As usual, the year has raced by and 2011 is upon us before we even contemplated its existence. Well according to a survey on Gocompare.com, over 27 million people will make a New Year’s resolution to change their lives for the better. This figure equates to around half of Brits who are looking to make changes in their lives in some way. The survey identified the specific personal changes many individuals wished to make. 55% said they wanted to lose weight; 49% wanted to exercise more and 44% of people were keen to improve their financial outlook. 16% responded that they would be looking for a new job. That’s nearly 12 Million people looking to improve their finances, and over 4 Million people looking for a new career. It’s also an awful lot of people wanting to lose weight, but it’s probably best if we leave that for now.
The turning of the year represents a time of change for many people whose money worries are likely to grow with the recent VAT hike and the astronomical cost of fuel, public sector cuts and the poorly performing economy. What is sure is a career change into a job that increases your job security and salary, whilst giving you more time to spend with your families or simply enjoying yourselves cannot be a bad thing. That’s where the specialist and comprehensive trades training provided by Access Training can help ensure you make your New Year’s resolution a reality.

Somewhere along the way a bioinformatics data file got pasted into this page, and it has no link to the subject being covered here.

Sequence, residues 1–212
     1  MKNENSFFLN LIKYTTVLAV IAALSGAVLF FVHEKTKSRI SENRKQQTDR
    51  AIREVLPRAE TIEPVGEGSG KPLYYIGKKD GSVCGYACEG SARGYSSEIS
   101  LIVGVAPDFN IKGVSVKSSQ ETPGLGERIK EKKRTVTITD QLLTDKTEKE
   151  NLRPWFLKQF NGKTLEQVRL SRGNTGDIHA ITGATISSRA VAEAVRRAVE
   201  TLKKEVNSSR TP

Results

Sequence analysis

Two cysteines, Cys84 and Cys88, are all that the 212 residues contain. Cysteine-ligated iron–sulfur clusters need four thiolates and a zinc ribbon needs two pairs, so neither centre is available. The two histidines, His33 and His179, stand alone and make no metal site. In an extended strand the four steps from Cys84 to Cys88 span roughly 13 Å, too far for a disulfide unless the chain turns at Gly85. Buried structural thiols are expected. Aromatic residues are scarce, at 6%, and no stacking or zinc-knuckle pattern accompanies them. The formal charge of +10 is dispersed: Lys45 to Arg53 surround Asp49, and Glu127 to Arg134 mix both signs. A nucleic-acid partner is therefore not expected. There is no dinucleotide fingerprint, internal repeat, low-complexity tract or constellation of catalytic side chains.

If your resolution is to lose weight, then we’re sorry, it’s not really our field. However, we do have a field at the back of our state of the art training centre where you can run around until your heart’s content. It is worth noting that 54% of people didn’t believe their resolution would make it past the end of January!
So above all, health, fitness and money matters come top of the New Year’s resolution list. And there is a way to accomplish these in one fell swoop, call us at Access Training and see how we can offer you trades training for a career which will change your life for the better.
Oscar Wilde - "Good resolutions are simply checks that men draw on a bank where they have no account"